Our Fronteras Desk reporter at Marfa Public Radio, Lorne Matalon reports.
Mexico’s top law enforcement official, Interior Minister Miguel Angel Osorio Chong, says his country will never fully purge its local and federal police of corrupt officers.
Osorio Chong, who has harshly criticized the U.S.-backed war on drugs launched by former President Felipe Calderón, said publicly that that Mexico is far from completing a purge of one of the most corrupt institutions in Mexico.
In a report by Tracey Wilkinson of the Los Angeles Times, she reports that the process will not be completed by the deadline of Oct. 29.
“We will never reach 100 percent; it’s impossible,” Osorio Chong said at a forum on public safety. He conceded that the system used to rid the ranks of corrupt officers is flawed and would be changed.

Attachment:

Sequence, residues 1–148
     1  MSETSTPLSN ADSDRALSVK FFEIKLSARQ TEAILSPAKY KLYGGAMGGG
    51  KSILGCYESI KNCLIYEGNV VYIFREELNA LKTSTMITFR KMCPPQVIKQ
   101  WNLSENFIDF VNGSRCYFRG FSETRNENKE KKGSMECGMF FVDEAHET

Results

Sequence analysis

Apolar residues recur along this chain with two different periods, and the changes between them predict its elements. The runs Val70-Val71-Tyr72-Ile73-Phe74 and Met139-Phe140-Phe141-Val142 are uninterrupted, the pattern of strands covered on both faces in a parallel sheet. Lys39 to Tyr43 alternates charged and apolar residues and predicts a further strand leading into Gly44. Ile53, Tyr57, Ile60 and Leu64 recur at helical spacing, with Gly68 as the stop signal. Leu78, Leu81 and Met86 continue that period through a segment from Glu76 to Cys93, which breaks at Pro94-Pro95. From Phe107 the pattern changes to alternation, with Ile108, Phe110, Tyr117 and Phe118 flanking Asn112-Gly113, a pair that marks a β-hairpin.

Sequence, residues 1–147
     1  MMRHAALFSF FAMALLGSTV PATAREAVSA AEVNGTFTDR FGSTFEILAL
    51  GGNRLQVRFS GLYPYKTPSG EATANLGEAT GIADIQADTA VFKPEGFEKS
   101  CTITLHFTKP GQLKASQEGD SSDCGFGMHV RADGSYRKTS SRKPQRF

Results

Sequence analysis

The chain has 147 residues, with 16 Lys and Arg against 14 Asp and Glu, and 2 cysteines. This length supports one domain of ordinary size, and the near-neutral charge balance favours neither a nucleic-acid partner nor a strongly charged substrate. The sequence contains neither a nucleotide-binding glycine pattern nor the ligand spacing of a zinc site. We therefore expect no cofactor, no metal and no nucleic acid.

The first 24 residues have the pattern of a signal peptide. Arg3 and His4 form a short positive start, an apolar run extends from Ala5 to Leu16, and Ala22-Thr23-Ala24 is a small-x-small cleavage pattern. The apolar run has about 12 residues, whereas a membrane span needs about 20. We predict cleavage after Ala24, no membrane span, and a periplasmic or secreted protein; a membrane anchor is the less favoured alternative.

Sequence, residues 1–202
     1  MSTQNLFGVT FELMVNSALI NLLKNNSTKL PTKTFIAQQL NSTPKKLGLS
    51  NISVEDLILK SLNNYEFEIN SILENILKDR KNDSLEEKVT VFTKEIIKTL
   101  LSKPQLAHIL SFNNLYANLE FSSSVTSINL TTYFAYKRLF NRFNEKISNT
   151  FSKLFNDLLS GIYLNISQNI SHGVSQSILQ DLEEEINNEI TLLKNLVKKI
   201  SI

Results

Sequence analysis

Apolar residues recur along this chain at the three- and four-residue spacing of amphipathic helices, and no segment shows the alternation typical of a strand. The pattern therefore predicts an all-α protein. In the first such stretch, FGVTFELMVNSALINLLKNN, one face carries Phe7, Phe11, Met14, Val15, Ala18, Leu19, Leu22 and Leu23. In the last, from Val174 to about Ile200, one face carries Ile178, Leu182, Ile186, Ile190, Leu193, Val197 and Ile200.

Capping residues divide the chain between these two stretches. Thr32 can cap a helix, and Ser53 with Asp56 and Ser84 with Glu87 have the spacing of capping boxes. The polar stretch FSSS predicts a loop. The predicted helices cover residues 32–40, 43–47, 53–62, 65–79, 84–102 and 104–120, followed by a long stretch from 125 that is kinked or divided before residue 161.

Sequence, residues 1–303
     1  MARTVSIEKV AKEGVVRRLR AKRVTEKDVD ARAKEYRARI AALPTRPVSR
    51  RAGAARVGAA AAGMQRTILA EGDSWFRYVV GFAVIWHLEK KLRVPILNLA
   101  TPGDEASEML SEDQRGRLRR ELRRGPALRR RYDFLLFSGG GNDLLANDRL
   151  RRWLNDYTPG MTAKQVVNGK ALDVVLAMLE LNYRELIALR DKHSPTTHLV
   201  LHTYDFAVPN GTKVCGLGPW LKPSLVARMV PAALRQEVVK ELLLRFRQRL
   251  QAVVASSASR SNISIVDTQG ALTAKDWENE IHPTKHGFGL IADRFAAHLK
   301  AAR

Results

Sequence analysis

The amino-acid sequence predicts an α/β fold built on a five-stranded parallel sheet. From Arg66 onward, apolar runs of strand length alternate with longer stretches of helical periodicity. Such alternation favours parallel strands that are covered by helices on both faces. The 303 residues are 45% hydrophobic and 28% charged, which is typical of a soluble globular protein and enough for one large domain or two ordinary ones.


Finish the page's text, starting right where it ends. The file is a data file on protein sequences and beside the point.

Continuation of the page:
“Narcoland: The Mexican Drug Lords and Their Godfathers” by Anabel Hernandez, recently released in English in the United States, documents the alleged nexus between federal and local police and the previous administrations of Felipe Calderón and Vicente Fox.
The book documents a culture of police impunity protected by Mexico’s federal government for decades. Hernandez speaks from experience. Her father was kidnapped and killed; police demanded bribes to investigate the case.
Osorio Chong’s admission that purging corrupt officers is “impossible” renews the focus on U.S. backed efforts to help Mexico reform its police. The U.S. is funding anti-crime efforts in Mexico through the Mérida Initiative, with a portion that critics charge is to little devoted to police and judicial reform.